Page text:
Faith, need drive generosity at Clare House in Bloomington
Photo Caption: With a “God bless” wish, Clare House volunteer Scott McCormick distributed bags of food to more than 200 guests on a recent Wednesday at Clare House in Bloomington, a Catholic Worker ministry.
By: By Tom Dermody
BLOOMINGTON — Enough food to fill nearly five semitrailer trucks was donated through the generosity of Bloomington-Normal residents during the 17th annual Clare House food drive that ended the day before Thanksgiving.
The good news is that makes it one of the largest, most well-organized drives of its kind in the nation.
The bad news is that the need is so great — and growing — that the food will be given away faster than ever before.
“Lines are longer, the longest I’ve seen in 33 years,” said Tina Sipula, who more than three decades ago founded Clare House here in the Catholic Worker tradition.
The Clare House food pantry distributes the donated bounty on Wednesday and Friday afternoons at 1 p.m. from its location at 703 E. Washington St. On Nov. 23, more than 200 guests formed a line that stretched far down the sidewalk to obtain a grocery bag full of food, pick up baby supplies, and on this day — thanks to the McLean Sportsman Club — a free turkey.
“For any cynic, I assure you these people really need our help,” said Dan O’Brien, owner of Extreme Motors, who has chaired the drive since he helped design it 17 years ago.
At that time, filling one semitrailer was enough to supply Clare House for the entire year. “Today the need is seven to 10,” he said.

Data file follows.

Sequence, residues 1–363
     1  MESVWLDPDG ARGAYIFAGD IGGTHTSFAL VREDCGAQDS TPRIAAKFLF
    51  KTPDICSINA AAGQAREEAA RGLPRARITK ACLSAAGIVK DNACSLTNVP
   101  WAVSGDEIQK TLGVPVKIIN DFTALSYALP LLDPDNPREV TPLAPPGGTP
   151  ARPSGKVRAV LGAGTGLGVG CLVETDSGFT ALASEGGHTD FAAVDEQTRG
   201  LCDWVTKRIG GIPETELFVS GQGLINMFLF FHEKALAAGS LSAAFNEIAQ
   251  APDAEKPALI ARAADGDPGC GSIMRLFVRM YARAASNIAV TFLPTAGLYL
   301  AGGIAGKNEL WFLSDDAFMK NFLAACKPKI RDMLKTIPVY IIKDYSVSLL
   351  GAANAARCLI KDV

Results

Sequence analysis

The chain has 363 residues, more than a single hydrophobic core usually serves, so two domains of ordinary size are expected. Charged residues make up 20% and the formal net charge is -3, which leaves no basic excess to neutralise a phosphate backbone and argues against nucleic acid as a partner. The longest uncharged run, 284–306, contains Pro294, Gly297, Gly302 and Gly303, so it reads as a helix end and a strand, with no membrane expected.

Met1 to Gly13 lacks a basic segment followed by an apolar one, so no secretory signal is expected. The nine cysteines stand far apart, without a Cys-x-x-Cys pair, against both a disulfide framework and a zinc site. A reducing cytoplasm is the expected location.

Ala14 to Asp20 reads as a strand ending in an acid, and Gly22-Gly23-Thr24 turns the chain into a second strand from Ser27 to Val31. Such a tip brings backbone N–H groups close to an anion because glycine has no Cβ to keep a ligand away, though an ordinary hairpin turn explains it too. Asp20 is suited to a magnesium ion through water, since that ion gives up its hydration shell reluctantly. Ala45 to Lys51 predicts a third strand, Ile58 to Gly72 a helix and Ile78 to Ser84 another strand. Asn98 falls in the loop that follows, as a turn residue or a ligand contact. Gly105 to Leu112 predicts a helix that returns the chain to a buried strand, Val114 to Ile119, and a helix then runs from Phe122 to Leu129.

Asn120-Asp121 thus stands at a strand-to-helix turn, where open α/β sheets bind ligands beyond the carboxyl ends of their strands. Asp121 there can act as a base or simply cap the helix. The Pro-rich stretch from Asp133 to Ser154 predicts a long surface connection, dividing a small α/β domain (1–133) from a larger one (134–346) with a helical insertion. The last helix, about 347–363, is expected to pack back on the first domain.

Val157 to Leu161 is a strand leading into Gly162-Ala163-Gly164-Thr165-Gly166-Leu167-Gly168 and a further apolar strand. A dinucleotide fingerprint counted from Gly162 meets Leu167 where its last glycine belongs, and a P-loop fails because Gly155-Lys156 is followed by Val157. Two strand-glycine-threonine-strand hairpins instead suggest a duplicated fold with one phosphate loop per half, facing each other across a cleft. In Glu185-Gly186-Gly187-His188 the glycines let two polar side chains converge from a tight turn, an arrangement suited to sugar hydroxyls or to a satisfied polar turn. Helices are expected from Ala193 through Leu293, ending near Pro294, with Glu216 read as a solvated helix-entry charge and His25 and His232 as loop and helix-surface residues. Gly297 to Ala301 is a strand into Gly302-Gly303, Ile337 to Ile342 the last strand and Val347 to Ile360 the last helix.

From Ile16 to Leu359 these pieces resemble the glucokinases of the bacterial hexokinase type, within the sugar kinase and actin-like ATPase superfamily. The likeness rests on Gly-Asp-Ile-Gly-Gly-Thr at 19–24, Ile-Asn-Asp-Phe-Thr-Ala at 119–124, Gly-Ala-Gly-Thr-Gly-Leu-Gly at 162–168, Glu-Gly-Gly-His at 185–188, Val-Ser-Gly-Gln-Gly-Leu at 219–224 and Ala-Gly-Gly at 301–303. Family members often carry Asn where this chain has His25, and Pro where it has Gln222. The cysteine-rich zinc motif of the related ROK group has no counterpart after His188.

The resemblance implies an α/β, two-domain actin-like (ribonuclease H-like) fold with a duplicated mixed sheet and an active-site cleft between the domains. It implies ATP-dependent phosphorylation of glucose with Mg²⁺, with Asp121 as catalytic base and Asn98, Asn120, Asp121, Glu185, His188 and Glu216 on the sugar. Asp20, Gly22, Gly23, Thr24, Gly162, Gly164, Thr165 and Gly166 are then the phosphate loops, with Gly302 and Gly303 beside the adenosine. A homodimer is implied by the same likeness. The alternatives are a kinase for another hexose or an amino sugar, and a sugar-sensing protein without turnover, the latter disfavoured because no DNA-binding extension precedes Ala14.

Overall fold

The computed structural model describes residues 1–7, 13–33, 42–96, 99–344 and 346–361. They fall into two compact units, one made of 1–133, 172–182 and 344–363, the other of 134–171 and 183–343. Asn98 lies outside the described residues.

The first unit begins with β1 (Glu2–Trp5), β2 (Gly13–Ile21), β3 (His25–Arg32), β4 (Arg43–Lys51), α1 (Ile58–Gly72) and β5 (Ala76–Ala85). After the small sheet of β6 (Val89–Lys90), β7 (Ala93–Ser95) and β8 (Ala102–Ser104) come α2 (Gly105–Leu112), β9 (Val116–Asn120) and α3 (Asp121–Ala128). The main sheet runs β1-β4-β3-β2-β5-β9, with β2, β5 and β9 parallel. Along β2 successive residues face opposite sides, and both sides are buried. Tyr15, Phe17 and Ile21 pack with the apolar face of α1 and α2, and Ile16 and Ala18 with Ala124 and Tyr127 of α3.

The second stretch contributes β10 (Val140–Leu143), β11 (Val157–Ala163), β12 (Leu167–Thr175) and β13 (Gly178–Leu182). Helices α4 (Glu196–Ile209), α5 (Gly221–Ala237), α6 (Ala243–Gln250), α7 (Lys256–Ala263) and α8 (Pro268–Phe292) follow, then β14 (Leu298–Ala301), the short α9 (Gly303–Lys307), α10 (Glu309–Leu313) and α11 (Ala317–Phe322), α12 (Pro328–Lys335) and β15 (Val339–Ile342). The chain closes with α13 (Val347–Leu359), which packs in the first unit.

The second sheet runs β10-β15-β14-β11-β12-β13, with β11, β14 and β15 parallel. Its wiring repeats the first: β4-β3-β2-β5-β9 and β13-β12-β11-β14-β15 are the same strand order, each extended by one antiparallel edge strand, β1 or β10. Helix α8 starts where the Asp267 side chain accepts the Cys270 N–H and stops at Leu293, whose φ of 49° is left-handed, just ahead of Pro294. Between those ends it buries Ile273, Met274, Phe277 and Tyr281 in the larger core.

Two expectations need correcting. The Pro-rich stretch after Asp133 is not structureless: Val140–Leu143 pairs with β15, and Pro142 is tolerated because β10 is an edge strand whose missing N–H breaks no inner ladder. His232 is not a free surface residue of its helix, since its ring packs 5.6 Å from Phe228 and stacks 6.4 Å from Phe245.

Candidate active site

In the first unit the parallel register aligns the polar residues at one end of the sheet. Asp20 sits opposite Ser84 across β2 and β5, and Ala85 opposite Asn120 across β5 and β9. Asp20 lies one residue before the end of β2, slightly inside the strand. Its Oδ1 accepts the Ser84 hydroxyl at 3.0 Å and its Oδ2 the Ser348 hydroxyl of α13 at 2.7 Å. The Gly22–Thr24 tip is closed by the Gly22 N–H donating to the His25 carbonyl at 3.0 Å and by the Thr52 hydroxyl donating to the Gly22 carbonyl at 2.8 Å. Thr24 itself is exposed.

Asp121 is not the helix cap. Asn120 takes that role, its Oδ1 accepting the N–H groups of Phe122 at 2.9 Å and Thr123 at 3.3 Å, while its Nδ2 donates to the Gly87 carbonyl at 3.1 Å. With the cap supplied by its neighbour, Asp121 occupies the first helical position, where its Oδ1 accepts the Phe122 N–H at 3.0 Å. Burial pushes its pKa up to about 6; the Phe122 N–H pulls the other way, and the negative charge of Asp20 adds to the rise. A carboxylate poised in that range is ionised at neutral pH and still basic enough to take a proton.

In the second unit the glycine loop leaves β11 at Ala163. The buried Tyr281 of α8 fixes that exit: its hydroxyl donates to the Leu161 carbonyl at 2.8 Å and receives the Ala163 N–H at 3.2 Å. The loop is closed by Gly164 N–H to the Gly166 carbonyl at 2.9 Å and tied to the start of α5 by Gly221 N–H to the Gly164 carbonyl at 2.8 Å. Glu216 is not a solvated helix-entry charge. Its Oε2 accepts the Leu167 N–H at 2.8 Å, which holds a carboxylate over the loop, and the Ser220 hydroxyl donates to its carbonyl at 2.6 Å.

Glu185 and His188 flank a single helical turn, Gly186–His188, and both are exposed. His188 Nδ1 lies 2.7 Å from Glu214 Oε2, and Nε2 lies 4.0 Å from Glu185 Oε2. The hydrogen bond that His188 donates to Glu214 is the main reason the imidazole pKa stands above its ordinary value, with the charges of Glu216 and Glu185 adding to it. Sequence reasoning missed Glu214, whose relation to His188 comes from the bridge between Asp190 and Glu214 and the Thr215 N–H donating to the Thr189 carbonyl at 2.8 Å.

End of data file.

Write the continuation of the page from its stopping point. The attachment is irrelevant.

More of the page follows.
Most of the food comes in during the six-week drive that unites the entire community — schools, churches, businesses, fraternities and sororities, etc. Area Catholic parishes actively support it, and Central Catholic High School, for example, uses canned goods instead of flowers for its homecoming floats, then donates them to Clare House.
Both Sipula and O’Brien credited Mike Marvin, a candidate for the permanent diaconate from Holy Trinity Parish, for his work in coordinating the volunteers who make the drive a success.
“It is the story of people giving of themselves, asking for nothing and expecting nothing in return,” wrote Marvin in the most recent issue of the Clare House newsletter. “They are truly doing God’s work,” he said, quoting the Scripture passage ‘When did I see you hungry, Lord, and feed you?”
One of those volunteers Nov. 23 was Pamela Bonanno, who was part of a “bag brigade” that moved the food from the Clare House basement to its side door distribution site.
“This place is really special to me,” said Bonanno. “I’ve been blessed, and this is part of the giving back for me. There’s a spirit in this house and I’m drawn to it.”
So are dozens of others who volunteer both at Clare House and the Loaves and Fishes soup kitchen it operates at St. Mary’s Parish Hall.
Inevitably, Sipula said, a volunteer will offer to help and say, “I used to be in line.”
“And we just stand there and cry,” she said.